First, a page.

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layout: post title: “Goals for this blog” categories: - medicine tags: - machine learning - programming - education

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Goals

Post Ideas

- Maguru panggul for code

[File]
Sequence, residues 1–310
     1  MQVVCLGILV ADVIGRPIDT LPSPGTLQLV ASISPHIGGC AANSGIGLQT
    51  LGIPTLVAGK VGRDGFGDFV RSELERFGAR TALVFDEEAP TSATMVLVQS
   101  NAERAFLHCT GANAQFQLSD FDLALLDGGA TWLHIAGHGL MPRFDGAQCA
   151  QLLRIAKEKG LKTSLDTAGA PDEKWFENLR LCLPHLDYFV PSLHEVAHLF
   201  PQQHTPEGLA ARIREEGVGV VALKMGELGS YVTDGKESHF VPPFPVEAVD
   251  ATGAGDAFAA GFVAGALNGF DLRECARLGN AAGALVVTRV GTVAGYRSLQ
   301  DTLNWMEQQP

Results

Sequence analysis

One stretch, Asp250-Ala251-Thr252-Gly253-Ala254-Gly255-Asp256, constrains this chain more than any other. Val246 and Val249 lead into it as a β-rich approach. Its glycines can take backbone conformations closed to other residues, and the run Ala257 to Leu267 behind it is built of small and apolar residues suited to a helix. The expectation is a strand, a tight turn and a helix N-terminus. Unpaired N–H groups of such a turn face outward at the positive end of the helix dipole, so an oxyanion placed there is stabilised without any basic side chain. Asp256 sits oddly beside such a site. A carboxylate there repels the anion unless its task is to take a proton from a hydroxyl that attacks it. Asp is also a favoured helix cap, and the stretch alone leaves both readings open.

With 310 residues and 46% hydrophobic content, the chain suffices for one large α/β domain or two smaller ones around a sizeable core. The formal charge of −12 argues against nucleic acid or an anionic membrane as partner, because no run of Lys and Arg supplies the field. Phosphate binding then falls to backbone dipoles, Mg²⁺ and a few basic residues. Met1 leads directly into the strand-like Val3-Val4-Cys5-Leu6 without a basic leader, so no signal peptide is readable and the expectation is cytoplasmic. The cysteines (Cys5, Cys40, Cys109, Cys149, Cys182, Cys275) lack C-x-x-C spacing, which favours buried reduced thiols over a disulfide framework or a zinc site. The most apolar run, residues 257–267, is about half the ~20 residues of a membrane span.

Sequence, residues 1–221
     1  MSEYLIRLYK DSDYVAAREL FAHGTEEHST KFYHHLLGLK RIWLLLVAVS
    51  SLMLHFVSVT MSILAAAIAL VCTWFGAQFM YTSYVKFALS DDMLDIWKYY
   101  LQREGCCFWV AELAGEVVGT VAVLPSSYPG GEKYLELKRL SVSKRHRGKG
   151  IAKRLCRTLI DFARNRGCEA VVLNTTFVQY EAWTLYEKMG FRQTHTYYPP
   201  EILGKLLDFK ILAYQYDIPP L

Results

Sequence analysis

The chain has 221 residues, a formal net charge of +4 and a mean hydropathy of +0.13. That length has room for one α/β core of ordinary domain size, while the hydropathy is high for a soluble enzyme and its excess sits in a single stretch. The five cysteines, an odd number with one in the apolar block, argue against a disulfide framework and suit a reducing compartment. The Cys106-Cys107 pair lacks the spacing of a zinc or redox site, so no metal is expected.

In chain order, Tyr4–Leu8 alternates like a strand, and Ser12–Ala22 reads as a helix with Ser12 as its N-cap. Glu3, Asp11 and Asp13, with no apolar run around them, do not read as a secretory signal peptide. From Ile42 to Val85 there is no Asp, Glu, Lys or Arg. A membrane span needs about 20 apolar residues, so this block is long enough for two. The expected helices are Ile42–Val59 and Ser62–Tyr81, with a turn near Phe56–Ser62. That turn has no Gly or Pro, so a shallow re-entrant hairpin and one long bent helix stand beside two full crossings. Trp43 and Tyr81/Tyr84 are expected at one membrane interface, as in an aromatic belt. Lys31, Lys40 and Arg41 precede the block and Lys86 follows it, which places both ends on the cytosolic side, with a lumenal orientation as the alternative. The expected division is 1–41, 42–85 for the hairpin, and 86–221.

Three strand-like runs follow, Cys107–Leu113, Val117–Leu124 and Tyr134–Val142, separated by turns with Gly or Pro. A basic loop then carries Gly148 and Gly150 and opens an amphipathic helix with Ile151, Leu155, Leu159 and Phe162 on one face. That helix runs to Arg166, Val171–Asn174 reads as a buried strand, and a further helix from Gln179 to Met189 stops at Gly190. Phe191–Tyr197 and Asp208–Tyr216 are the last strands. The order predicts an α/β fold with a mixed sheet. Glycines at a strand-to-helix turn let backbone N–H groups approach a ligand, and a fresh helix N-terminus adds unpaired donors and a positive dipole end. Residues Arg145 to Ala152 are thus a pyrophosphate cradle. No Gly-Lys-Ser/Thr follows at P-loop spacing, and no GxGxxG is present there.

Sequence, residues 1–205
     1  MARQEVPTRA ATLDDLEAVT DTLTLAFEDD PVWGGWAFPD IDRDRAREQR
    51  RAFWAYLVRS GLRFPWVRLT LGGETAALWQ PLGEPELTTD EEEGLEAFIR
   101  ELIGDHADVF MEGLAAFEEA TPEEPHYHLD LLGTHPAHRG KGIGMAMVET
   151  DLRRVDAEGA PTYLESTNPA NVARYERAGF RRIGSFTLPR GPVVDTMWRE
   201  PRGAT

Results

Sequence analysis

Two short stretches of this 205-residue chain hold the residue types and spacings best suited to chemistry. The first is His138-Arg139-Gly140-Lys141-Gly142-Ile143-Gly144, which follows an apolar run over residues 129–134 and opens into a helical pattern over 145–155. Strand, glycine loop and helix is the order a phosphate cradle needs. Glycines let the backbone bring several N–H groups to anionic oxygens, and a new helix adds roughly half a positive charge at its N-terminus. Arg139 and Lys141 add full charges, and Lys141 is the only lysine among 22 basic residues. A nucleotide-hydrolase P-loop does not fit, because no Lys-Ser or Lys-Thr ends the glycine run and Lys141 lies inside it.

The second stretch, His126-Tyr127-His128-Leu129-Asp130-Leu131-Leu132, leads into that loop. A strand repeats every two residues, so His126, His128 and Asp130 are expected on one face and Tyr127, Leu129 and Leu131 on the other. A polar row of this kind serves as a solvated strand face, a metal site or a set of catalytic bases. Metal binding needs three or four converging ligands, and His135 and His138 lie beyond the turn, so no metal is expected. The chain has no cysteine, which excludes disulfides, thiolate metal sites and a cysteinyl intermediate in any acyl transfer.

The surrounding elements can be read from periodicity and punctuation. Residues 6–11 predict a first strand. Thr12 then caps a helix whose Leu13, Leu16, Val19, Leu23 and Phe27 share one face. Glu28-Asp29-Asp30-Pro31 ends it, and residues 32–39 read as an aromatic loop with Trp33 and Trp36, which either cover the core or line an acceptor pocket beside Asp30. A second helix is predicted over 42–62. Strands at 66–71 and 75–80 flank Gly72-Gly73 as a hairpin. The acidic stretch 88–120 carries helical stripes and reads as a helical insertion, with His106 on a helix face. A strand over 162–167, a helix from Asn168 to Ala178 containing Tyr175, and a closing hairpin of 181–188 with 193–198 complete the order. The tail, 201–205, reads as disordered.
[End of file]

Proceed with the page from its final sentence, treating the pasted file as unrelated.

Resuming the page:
Why should physicians learn to code? - Not every physician needs to learn to code. We already have too much to learn and retain. Administrative work eats up our time outside of (or, too often, while) seeing patients. Even for those with “protected” research time, it is consumed by managing the lab, directing resources, and catching up on patient notes from yesterday, while actual scientific writing happens in time carved out of sleep in the late night or early morning. And what about our loved ones and the occasional fit of self-care? In other words, we are physician-scientists too, and we get it. It's hard. However, our goal in this book is to show how a little knowledge of basic programming principles, combined with practical examples you can copy, paste, and modify for your own use, can save time, enable analyses that were previously unthinkable, improve communication, help you grasp (and critique) the latest research, and, ultimately, do what we all came here to do: help people, using all of the scientific tools and human compassion we can muster. - Another argument against learning to code is the proliferation of point-and-click interfaces for doing machine learning, as well as companies that sell their programming services for modest fees. If other people have done or will do the coding for you, why learn? We have nothing against this approach, and hope that machine learning tools will continue to become more accessible while specialist companies become profitable. There is room for everyone. Three arguments for learning to do it yourself are that you can remain free, open-source, and up-to-date. - Free: Python and R are free programming languages. The algorithms you need for the vast majority of machine learning applications are prepackaged in free libraries. Proprietary and expensive software may offer niche advantages in particular content areas, but this is less and less true as the years go on and people publish equivalent yet free solutions. Companies and specialists that do machine learning for you are great, and can help with your most complex problems, but most of the time, frankly, you will have a bread-and-butter dataset you can analyze with simple code on your own computer. If you do it yourself you won't have to deal with financial, legal, IRB, and HIPAA beyond what you did to get the project going in the first place. You also have irreplaceable content expertise: you know your patients, the medicine, what questions to ask, and what bogus results look like. Finally, maybe your machine learning idea won’t work, but you won't know that until you've run a quick pilot. When you do work with a specialist, how much more powerful and streamlined will your conversation be if you have pilot data, or at least specific problems, to discuss? With a modest computer (most of our analyses are done on a low-powered hospital-supplied tablet PC) and a few free downloads, you can start today, no poorer or more frustrated with paperwork than when you started. This also means that researchers around the world, regardless of financial circumstance, can make an impact. Lastly, if you are an educator, there are no financial barriers to introducing your students to these concepts and tools. They're free. - Open-source 1: Python and R are open-source. Not only do you not have to pay for them, but you can crack them open and interrogate them all the way down to the 1s and 0s. Nothing is proprietary or hidden. You can modify them to suit your needs, or even publish your own custom version. This is also true for the majority of machine learning packages. Scientific reproducibility is at its maximum when the tools used for analyses are completely transparent. It is becoming common for researchers to publish not only their (HIPAA-compliant) raw data, but also the actual code. “Go ahead, run it and see if you get what we got.“ If you write the code yourself, you can easily share it, receive critique, and improve it. This is good science. - Open-source 2: When you see the words “open-source,“ you should immediately think “community.“ Researchers publish code not only to officially claim ideas, but to engage with communities. Online repositories such as GitHub make it easy to ask questions, suggest improvements, and give examples. We continue to be impressed by how willing researchers are to participate in community, and have had many productive conversations with authors and fellow users, including requests for features (that were then implemented), questions about problems, and suggestions about uses. People are excited for you to use their software, and want to help you take it in new directions. There are other programming-specific communities such as StackExchange, where programmers in every different field present their coding problems, some quite granular, and others give suggestions that are dynamically peer-reviewed and preserved online. The best answers have code you can copy and paste, and there are typically several approaches offered for the same problem. One of the first steps to becoming a good programmer is learning how to Google for your problem, find an answer (usually on GitHub or Stack), and modify the code you copied and pasted. You almost never have to reinvent any wheels. You just change out hubcaps and bolts here and there. This is possible because of the robust and generous communities that have built up around open-source software and ideals. - Up-to-date: The state of the art is online. When machine learning scientists publish new algorithms, they often publish an R or Python package to go along with the paper, so you can try it out right away. It takes time for these algorithms to make it into point-and-click interfaces, and some algorithms may never be available as an option in a prebuilt system. When they do show up, it may not be able to perform the necessary tweaks and adjustments to fit your use. (Imagine if you could only prescribe combination pills, and had no way to adjust the dosage of each component!) A little programming experience gives you the power and flexibility to use algorithms, new and old, in any combination you see fit. You will find that, compared to point-and-click interfaces, most tasks are easier and faster once you have the code for them, and you can always update them to suit your needs and preferences.